I had the conversation a few times on Friday. You know the one. The one techies always have when they are with techies. The one where you are wrong and they are ready to tell you why.
Yep. I had a few conversations. What is better, Hyper-V or VMware? Azure or Amazon? DerbyCon or GrrCon? Following Rafal Los or not? *
I answered in my typical measured fashion. Take GrrCon, for example. I like promoting local talent. I like Chris and Jaime Payne. I am speaking there, as are a number of my friends. GrrCon was good to me last year and I am looking forward to returning this year. That is my bias.
“Wow,” the guy who asked remarked, “I’ve never heard someone explicitly tell me they were biased and then only say why they are making a decision. Usually people just tell me what they think I should do.”
That is telling, isn’t it?
My approach to the conversation is simple. I will tell you why I made my decision. If you would like, I can enumerate my reasons behind it. And when my reasons change, my decision will change. I see no reason to get my ego wrapped up in a decision.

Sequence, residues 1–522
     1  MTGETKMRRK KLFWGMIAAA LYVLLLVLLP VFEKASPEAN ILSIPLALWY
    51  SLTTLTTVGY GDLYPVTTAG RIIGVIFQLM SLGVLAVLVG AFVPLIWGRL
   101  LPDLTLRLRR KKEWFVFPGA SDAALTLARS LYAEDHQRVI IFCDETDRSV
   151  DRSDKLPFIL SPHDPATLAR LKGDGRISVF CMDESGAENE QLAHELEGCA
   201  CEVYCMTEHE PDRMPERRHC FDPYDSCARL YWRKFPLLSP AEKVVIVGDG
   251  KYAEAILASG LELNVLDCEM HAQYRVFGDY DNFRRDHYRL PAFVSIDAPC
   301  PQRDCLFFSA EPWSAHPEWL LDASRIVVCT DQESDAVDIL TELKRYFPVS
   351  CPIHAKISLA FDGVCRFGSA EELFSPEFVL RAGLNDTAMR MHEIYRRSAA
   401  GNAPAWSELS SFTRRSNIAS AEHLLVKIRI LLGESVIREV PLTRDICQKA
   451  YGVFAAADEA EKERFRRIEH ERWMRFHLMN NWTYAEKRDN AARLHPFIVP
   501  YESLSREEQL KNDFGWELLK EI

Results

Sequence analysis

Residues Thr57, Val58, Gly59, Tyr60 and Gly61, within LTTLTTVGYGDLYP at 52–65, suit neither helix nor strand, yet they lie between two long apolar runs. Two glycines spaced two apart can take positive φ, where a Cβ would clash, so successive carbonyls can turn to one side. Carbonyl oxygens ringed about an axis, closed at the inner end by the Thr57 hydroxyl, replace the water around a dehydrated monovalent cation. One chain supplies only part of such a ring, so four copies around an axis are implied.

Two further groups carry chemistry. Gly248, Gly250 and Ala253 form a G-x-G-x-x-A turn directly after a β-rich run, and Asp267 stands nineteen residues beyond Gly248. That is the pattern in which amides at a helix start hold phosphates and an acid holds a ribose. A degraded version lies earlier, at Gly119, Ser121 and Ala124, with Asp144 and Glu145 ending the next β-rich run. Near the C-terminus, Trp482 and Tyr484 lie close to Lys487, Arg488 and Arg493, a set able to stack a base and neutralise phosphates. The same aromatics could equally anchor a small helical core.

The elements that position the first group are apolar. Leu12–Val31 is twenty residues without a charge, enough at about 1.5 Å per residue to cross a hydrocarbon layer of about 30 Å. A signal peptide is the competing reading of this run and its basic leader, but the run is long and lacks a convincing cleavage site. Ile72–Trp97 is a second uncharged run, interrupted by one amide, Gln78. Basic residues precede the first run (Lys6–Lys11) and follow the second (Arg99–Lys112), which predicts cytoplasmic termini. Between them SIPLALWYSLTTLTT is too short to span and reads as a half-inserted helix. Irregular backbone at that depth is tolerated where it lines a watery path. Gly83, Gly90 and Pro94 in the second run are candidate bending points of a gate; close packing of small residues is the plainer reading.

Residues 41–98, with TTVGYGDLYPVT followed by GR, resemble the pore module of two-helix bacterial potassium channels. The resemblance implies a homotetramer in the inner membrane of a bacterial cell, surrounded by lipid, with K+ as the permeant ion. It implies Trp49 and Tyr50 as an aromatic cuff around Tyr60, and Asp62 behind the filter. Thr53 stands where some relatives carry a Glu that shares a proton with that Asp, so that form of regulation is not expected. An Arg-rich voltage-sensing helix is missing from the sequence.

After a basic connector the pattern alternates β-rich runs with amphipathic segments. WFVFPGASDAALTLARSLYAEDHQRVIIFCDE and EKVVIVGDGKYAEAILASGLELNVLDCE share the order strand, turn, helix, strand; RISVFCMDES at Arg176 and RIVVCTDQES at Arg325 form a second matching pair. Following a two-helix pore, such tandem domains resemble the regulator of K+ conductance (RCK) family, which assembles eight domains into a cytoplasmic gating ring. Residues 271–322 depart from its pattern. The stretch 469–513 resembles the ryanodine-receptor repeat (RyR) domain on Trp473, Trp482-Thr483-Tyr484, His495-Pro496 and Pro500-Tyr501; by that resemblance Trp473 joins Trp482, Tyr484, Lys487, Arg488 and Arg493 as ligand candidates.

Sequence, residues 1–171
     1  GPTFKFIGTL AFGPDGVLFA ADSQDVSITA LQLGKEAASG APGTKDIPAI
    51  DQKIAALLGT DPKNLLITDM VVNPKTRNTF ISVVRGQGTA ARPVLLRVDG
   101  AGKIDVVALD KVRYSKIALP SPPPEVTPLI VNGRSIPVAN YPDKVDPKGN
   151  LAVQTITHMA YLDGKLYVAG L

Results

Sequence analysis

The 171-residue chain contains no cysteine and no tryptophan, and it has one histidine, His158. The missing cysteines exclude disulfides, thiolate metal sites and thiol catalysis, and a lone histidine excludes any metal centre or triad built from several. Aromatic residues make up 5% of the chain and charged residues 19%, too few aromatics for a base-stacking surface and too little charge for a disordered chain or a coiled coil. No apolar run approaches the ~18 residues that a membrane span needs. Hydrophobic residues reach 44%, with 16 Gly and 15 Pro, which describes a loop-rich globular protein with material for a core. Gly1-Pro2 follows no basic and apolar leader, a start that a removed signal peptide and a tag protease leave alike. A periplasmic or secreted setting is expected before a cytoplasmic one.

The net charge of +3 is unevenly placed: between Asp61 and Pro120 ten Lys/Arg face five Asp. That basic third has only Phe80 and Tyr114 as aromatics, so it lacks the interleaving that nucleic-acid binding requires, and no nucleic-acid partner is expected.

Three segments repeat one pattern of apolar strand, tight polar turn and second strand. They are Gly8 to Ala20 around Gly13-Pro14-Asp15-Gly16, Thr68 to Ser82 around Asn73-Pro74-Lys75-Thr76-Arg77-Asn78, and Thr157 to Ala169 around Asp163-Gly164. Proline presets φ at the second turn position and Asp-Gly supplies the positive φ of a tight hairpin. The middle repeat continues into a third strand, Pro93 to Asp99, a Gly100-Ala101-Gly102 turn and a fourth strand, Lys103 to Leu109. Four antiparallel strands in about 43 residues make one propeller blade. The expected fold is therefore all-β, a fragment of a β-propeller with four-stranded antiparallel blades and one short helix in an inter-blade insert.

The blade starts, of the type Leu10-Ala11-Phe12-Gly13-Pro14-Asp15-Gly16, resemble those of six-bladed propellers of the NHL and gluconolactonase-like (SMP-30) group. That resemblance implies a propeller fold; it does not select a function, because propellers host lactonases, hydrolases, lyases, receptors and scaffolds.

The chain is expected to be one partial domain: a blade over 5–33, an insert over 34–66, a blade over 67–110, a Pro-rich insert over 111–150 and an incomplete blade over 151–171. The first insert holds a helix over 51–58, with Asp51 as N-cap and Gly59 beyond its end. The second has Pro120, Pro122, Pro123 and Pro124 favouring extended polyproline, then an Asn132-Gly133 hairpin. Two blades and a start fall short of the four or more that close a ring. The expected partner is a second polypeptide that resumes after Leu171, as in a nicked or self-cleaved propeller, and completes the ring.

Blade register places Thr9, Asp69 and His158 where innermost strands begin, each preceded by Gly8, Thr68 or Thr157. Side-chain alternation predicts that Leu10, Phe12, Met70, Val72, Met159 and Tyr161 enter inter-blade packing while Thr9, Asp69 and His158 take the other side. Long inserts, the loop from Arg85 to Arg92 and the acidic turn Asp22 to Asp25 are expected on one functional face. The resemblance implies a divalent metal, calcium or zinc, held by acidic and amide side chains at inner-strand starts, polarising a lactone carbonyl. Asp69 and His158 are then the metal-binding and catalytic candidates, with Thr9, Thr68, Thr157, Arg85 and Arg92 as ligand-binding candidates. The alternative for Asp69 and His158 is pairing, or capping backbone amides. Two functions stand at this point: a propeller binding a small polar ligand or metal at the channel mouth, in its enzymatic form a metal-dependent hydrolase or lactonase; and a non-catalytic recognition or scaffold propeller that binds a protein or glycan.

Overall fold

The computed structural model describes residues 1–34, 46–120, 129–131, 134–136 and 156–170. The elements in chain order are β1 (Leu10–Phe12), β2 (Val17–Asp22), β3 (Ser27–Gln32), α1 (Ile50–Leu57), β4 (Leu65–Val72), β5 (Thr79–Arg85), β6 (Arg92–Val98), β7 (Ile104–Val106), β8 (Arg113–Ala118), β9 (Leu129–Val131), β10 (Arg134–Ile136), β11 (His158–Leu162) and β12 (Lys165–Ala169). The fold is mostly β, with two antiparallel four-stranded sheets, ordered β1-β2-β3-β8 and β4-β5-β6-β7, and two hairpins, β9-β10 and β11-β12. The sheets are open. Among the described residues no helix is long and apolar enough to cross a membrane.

So let me tell you why you are right. You are right because you weighed the evidence. You are right because you took into account your strengths and weaknesses, and the strengths and weaknesses of your team. You are right because you compared features and benefits. You are right because you made a choice based on the culture of your organization and industry. You are right because you made a decision that was right for you.
You are right. Now you made a decision that was different from mine. Why not tell me a bit more about what you decided?
* Footnote: None of these were as vicious as the Linux versus Windows conversations of old. But it struck me as an odd progression. We used to argue over operating systems and chips. Today we argue over virtualization and cloud. That is progress, I suppose. But why are we arguing over places and people? It seems like a strange turn of events.Posted by